A night ride on the tram is the best way to see the beacon included in Siah Armajani's 'Gazebo', the 13 metre high pavilion at the Elsau stop. By day this is a new meeting point for local residents, with tables, benches, chairs and barbecues.
As its name indicates, only pedestrians can cross Siah Armajani's Simmel Footbridge. 60 metres long and 3m 50 wide, the footbridge straddles the River Ill and opens up the 'Cité de l'Ill' by linking it with the tram stop.
Strollers who take Jean-Marie Krauth's sculpture avenue along the edge of the university campus will find themselves reminded of the 1960's, when the neighbourhood came into being and Hans Arp's three sculptures were installed. A bold series of 18 red, yellow and blue plinths make this a thoroughly modern project echoing the surrounding architecture and its rigorous use of right angles. Among the sculptors called on to join Arp here are Gilioli, Zadkin, Pan, Etienne-Martin and others.
A handy new meeting place will be Jean-Luc Vilmouth's Bar des Plantes, a little glass and metal building at the Alt Winmärik stop that will also be a flower shop. The site is at the entrance to the Grande Ile de Strasbourg, not far from the main railway station.
Situated at the République stop, Bert Theis's 'Monument to the Living' is a splendid counterpart to the superb monument to the war dead in the centre of the Place de la République. It also offers a place to sit down and take a break near the Théâtre National de Strasbourg.
With the creation of Zaha Hadid's 'multimodal stop' at the North Terminus, Hoenheim - part of the Strasbourg Urban Community - becomes a thoroughly modern gateway to the city. Parking for 600 cars and 50 bicycles, a tram and bus station and a shop cover in all 25,000m2, in a structure based on the 'fold' principle Zaha Hadid is so fond of.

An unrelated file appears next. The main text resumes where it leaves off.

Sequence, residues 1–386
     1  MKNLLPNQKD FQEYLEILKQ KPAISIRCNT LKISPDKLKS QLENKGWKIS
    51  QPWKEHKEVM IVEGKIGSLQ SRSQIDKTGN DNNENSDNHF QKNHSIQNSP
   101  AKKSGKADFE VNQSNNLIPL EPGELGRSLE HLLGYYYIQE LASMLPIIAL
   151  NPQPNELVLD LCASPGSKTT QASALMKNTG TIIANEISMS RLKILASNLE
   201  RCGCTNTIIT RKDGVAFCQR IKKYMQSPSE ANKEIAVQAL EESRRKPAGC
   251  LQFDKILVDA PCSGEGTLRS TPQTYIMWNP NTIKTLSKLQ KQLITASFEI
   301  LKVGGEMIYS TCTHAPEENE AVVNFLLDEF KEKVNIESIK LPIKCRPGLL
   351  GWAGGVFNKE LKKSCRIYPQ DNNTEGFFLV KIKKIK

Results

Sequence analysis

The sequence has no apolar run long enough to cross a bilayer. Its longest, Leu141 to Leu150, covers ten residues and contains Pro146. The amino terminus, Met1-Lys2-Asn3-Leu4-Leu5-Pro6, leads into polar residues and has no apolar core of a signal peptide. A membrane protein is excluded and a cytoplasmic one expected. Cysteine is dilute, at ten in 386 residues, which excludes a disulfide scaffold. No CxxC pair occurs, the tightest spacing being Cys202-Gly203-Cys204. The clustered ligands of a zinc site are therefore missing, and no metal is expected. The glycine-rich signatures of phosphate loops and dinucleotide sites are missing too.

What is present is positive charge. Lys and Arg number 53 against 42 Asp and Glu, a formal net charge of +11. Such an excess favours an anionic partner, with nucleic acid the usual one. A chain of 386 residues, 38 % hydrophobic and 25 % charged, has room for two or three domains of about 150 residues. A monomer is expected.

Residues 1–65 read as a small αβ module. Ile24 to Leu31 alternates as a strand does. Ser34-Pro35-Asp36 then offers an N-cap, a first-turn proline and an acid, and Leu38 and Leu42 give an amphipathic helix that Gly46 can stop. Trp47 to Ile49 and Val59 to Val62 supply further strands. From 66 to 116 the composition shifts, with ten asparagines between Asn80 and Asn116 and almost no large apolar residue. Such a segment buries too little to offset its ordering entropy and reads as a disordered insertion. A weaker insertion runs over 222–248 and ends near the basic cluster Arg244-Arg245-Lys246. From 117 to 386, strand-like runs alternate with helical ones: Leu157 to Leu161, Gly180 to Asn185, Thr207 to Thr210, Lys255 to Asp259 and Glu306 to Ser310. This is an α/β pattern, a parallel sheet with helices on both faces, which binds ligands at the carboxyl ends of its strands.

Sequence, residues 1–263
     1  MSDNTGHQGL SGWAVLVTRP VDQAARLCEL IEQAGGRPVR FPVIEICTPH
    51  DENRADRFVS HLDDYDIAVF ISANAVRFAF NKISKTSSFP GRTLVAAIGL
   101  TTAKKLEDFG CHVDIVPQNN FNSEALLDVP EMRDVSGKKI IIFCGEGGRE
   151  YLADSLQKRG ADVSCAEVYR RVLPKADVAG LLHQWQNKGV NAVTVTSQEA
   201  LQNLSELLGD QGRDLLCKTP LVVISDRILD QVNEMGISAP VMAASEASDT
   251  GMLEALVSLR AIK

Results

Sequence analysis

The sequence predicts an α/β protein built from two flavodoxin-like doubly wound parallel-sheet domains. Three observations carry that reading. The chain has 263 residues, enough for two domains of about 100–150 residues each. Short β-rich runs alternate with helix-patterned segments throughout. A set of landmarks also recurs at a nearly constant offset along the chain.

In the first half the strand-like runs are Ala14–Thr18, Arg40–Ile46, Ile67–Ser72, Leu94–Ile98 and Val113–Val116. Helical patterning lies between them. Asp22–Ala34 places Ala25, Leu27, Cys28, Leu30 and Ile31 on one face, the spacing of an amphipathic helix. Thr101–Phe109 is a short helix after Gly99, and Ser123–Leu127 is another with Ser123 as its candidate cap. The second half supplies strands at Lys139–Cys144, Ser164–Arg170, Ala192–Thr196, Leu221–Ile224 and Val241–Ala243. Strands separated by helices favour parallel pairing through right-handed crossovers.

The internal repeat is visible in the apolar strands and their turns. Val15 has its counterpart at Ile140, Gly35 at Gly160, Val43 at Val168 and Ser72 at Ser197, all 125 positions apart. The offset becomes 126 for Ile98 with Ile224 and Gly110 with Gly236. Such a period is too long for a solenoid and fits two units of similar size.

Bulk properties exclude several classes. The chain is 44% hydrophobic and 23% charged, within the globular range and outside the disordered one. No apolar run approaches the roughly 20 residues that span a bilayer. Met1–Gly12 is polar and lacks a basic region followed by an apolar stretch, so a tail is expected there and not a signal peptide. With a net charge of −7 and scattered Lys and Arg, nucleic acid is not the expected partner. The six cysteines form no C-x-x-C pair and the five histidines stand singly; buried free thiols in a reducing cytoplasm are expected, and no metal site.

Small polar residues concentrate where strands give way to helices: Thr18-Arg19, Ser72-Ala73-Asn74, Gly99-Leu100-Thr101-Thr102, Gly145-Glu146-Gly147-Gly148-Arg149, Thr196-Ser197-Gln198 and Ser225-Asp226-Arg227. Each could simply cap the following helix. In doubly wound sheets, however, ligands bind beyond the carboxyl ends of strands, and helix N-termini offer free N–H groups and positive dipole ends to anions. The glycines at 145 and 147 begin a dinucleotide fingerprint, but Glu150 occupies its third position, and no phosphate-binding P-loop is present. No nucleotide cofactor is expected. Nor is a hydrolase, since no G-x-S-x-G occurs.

The tramway, project context

Since 1989 the city of Strasbourg and the Strasbourg urban community have been working on a sustainable development-based urban transport policy. The aim is to meet current needs while taking those of future generations into account and establishing a balance between economic development, social evolution and environmental considerations. The policy's emphasis is on intermodality and interlinked organisation of different transport modes with the tramway as its basis.

The main phases:
1989 Choosing of the tramway as a non-polluting means of public transport and a tool for urban redevelopment.
1991 Establishment of a study group for the Line A art programme, chaired by Michel Krieger, municipal and Urban Community councillor, and organised by Jean-Christophe Ammann, director of the Frankfurt Museum of Modern Art.
1992 Creation of a new Urban Transport Plan aimed first and foremost at excluding automobile traffic from the central city area. A cultural development agreement signed with the Ministry of Culture stipulates commissioning of art works for the Line A programme.
1993 Increased policy emphasis on bicycle use.
1994 Promulgation of the Bicycle Charter.
Strasbourg becomes a pilot city for electric car use.
Official opening of Line A on 25 November.
1995 Bus and tram combine to form a single network.
Creation of park-and-ride facilities.
Extension of the cycle path network.
Christian Bernard, Director of the Geneva Museum of Modern and Contemporary Art is charged with running the art programme for Line B.
1998 Work begins on Line B.
2000 Line B opens in September.
By the year 2010 Continued extension of the tram network: Improved rail service towards the south, outer-urban tram connection to the airport and the south-west, multimodal station at the Line B terminus, crossborder extension into Germany.

The art projects, especially in the case of Line B, are to be interpreted in terms of public use and not merely as public space. The issue here is to relate an artistic approach to a specific social and urban function in such contexts as a parking lot, public transport tickets, a footbridge, a flower shop and public venues for socialising. Thus art made accessible to all and understandable by all, and aimed at uniting people around shared activities, will generate - and focus greater critical attention on - an image of democracy as modernity.